This Sunday (28th May) is the seventh Sunday after Easter – yes, the year is flying by, but more importantly, it means it is Pentecost Sunday and an opportunity to remember, celebrate, re-immerse ourselves in the story of the giving of the Spirit at Pentecost as told in the opening of the book of Acts.

I suspect that on most Pentecost Sundays we, and other churches, start our Bible reading in Acts 2 verse 1. But this year I think we need to start our reading a little earlier to see some important things God wants to say to us from before the disciples gathered in the upper room. So, we’ll read Acts 1: 3–5; Acts 1: 12–14, and Acts 2: 1-13.

What are those important things …well I’m still praying, reading, and thinking about that, but my sense is we need to see the coming of the Spirit upon the disciples in Jerusalem in a slightly wider context.

If you have been listening to the Podcast, then you’ll know we’ve been pulling Iain’s leg about his frequent use of Greek on a Sunday morning. Personally, I love what Iain brings out from his knowledge of Greek (which is better than mine), but here’s a bit of Greek in the blog rather than the sermon. Pentecost comes from the ancient Greek word for fiftieth. Greek had become the language of the Roman Empire and so many Jews had been scattered across the Empire that a Greek translation of the Hebrew Scriptures, the Septuagint, was made (probably in Egypt). In Leviticus 23: 15 – 21 we read about the festival/feast which was the “seventh Sabbath, fifty days” from Passover. The word the Septuagint uses for fifty days is Pentecost, and so this is what this one-day feast came to be known as.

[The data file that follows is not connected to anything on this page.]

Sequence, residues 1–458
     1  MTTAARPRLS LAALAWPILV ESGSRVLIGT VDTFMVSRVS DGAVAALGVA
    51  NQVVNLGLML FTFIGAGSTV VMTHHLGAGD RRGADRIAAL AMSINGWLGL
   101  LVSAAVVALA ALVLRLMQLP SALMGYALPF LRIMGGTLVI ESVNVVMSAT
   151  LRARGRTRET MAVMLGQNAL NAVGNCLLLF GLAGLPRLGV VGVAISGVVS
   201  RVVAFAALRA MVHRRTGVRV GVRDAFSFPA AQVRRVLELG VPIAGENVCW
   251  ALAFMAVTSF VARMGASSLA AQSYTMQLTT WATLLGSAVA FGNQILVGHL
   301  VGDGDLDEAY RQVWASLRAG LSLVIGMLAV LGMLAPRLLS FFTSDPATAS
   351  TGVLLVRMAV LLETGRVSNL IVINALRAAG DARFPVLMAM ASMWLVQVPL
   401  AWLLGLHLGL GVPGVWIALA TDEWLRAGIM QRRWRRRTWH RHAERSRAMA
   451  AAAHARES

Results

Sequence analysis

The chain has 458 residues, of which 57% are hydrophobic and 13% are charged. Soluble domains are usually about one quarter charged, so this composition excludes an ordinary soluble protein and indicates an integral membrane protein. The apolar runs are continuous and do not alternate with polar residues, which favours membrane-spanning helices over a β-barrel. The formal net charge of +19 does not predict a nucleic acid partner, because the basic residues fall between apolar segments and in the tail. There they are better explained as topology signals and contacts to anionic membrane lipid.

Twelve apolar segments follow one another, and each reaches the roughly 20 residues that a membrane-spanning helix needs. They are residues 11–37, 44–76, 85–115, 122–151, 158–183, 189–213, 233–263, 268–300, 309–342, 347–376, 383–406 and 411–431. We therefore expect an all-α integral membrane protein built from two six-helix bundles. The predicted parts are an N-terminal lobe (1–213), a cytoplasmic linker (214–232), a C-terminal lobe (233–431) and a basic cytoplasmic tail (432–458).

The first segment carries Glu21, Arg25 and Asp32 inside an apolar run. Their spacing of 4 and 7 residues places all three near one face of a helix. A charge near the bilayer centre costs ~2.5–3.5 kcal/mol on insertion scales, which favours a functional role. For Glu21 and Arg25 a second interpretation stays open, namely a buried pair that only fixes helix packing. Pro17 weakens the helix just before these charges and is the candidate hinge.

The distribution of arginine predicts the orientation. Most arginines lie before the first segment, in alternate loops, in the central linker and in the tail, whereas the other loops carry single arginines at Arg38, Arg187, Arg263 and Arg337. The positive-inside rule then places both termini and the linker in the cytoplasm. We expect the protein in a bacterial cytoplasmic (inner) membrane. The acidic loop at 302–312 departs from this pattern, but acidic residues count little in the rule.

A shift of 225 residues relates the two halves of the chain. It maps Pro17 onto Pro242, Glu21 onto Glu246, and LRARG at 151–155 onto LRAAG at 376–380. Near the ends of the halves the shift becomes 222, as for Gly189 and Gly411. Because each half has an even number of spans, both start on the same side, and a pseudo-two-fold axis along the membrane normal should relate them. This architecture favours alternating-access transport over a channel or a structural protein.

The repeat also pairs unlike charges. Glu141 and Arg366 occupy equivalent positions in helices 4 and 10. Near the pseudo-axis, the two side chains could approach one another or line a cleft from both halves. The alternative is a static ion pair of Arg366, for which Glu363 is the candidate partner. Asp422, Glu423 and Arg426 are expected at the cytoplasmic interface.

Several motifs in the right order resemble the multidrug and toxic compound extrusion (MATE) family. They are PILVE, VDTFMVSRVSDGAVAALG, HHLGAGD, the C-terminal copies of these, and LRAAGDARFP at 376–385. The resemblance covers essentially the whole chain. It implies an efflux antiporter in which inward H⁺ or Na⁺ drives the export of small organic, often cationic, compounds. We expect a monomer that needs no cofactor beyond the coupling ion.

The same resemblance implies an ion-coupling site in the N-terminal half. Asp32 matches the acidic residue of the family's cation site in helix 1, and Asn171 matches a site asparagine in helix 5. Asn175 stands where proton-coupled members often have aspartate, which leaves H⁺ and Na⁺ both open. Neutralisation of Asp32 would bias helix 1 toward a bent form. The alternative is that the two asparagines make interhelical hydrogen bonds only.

It is often difficult to know where to stop a Bible reading, and this is one such occasion. We could have read the whole of chapter 2, which would have been quite a long reading, and I am aware that by stopping at verse 13 we miss the whole of Peter’s speech and the response to it!

If the before of Acts 2: 1 -13 is important then the “after”, verses 14 – 47, are equally important as they remind us that the giving of the Spirit was not so the disciples could have some private ecstatic experience but so the good news of Jesus, the wonderful salvation found in him, could be made known to many.

Perhaps as you spend time in God’s word leading up to Sunday you could read the whole of Chapter 2 for yourself and ask God to speak to you through this.

Grace and peace.